Proof beyond a reasonable doubt has been de rigueur in criminal cases almost since the dawn of the republic. It is based on the premise that it is better to let several guilty people go free in order to save one innocent person from wrongful conviction. The jury in a criminal case is not merely an audience. It is the central mechanism without which the wheels of American criminal justice cannot turn-- and operates as the final safeguard against a grave error. However, while the Constitution describes the importance, composition, and role of the jury, it does not explicitly use the phrase “proof beyond a reasonable doubt.”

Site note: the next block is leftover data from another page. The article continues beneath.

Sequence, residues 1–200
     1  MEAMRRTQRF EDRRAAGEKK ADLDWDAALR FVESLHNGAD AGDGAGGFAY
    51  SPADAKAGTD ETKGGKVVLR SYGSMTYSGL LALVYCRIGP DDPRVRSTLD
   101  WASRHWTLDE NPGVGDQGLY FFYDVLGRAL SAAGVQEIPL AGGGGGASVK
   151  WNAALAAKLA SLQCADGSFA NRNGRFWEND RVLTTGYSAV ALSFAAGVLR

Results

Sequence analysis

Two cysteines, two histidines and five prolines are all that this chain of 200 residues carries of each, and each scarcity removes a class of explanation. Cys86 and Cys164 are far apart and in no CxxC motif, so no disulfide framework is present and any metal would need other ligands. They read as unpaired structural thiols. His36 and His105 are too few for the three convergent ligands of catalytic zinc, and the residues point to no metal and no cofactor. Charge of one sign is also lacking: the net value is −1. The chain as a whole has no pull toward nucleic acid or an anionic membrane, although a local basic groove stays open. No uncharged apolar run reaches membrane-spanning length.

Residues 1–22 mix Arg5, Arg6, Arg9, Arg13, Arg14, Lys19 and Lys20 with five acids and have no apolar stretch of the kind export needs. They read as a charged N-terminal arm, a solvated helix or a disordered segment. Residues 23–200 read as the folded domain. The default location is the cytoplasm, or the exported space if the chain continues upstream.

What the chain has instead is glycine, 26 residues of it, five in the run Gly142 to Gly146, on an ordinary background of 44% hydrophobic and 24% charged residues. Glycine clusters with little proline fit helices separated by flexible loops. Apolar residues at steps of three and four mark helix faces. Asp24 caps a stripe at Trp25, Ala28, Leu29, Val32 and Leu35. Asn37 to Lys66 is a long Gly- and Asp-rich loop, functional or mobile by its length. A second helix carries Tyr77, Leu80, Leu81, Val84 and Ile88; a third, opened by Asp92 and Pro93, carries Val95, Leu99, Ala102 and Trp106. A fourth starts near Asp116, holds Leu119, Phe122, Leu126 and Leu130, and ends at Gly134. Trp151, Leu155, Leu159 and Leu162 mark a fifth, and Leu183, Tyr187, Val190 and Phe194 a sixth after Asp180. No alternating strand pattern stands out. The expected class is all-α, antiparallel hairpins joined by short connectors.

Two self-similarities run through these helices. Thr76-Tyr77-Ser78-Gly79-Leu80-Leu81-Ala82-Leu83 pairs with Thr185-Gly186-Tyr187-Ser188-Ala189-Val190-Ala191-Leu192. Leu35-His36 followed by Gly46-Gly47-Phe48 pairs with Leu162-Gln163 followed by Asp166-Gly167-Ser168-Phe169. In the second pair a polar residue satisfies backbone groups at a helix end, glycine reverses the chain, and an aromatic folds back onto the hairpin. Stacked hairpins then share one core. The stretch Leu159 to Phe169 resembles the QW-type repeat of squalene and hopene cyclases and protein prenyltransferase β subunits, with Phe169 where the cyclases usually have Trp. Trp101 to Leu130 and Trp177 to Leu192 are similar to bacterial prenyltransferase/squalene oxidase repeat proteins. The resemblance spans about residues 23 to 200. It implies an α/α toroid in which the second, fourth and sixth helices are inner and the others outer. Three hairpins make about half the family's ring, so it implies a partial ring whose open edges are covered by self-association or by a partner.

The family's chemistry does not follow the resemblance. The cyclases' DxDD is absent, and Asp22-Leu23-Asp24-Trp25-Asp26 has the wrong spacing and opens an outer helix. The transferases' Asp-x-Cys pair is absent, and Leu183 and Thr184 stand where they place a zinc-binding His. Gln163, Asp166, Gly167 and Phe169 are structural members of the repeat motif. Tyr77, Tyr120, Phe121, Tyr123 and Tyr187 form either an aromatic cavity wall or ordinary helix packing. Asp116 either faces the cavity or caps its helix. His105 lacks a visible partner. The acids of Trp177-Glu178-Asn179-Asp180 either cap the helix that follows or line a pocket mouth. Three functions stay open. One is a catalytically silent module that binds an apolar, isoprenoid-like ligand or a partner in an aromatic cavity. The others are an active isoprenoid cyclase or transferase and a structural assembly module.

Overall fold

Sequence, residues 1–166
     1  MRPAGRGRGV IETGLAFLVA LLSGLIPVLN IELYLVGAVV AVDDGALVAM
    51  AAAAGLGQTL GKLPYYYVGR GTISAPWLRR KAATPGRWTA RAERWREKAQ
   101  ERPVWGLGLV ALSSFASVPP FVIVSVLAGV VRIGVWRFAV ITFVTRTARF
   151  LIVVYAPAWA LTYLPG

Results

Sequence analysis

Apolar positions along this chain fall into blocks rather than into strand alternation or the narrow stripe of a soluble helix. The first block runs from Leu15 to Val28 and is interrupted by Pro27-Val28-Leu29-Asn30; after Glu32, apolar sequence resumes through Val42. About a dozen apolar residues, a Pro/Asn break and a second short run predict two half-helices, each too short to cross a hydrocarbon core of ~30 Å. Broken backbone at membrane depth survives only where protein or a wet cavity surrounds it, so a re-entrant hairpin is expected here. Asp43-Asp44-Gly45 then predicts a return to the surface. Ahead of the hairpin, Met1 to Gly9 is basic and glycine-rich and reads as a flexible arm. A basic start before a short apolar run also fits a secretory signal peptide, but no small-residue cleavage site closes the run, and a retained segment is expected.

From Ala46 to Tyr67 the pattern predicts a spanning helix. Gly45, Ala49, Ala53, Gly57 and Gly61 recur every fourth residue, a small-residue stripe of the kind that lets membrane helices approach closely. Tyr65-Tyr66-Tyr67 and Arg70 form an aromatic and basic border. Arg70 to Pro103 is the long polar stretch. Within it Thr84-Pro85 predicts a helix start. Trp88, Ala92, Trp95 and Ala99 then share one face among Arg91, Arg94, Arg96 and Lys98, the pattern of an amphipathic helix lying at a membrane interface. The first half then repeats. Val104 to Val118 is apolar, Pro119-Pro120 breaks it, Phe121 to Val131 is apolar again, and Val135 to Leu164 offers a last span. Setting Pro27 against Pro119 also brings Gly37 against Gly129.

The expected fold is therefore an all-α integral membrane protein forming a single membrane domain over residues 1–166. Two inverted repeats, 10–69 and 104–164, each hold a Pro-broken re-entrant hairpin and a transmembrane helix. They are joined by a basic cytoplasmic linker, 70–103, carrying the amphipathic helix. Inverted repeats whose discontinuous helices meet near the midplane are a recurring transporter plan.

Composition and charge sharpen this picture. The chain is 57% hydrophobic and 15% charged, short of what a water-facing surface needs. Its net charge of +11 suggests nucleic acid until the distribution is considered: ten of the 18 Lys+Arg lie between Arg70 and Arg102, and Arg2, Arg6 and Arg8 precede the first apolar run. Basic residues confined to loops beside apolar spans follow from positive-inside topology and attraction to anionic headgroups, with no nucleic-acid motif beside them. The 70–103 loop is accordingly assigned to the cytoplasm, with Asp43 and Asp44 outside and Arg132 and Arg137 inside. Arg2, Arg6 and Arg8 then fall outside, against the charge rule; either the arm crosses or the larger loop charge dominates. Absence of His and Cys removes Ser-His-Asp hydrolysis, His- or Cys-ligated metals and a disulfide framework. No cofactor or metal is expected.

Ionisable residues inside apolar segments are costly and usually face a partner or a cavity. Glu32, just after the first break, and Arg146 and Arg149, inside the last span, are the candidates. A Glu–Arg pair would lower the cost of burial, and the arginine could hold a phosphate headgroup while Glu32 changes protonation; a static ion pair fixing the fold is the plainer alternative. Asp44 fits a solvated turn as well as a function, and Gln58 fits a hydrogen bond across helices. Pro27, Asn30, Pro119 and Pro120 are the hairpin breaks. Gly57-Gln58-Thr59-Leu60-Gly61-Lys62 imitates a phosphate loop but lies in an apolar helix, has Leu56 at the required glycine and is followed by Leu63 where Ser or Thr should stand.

Though not mentioned in our founding document, proof beyond a reasonable doubt is “an ancient and honored aspect of our criminal justice system.” As such, this Article does not question its conceptual wisdom, but rather its jurisprudential implementation. Yet the meaning of “beyond a reasonable doubt” is apparently not self-evident. Jurors constantly ask for definitions of beyond a reasonable doubt. Some jurisdictions allow such a definition. Some require it. Others forbid it entirely under the supposition that its meaning is obvious and requires no definition. Juries are understandably curious and concerned about the meaning of “proof beyond a reasonable doubt.” They correctly assert to judges that it is not self-explanatory (despite many judges' erroneous insistence to the contrary). This creates real and significant risk the standard under which defendants are convicted is constitutionally inadequate. When jurors misapprehend how high the burden of proof beyond a *1030 reasonable doubt is, they are in danger of convicting the innocent, the gravest kind of mistake that is called “Type I error.” When they let a guilty person go free, they commit a less serious kind of mistake called “Type II error.” In fact, the theory behind proof beyond a reasonable doubt (letting several guilty people go free in order to save one innocent person) actually contemplates Type II error. The authors posit that many jurors simply don't understand how high a burden of proof beyond a reasonable doubt is supposed to be. They propose redefining proof beyond a reasonable doubt to make it more intelligible to the average juror. They realize the beyond a reasonable doubt standard is veritably sacrosanct in American law, but they don't believe “that's the way it's always been” is a good reason to perpetuate a standard of proof that is unintelligible to the average juror. They suggest changing the burden to a two-step analysis: (1) Did the prosecutor prove each and every element of the crime charged? (2) If so, keeping in mind the extraordinary injustice in the possibility of convicting an innocent person, are you convinced to a moral certainty? The authors are convinced that if American law can somehow let go of its “beyond a reasonable doubt” tradition, the incidence of grievous Type I error will be much lower.

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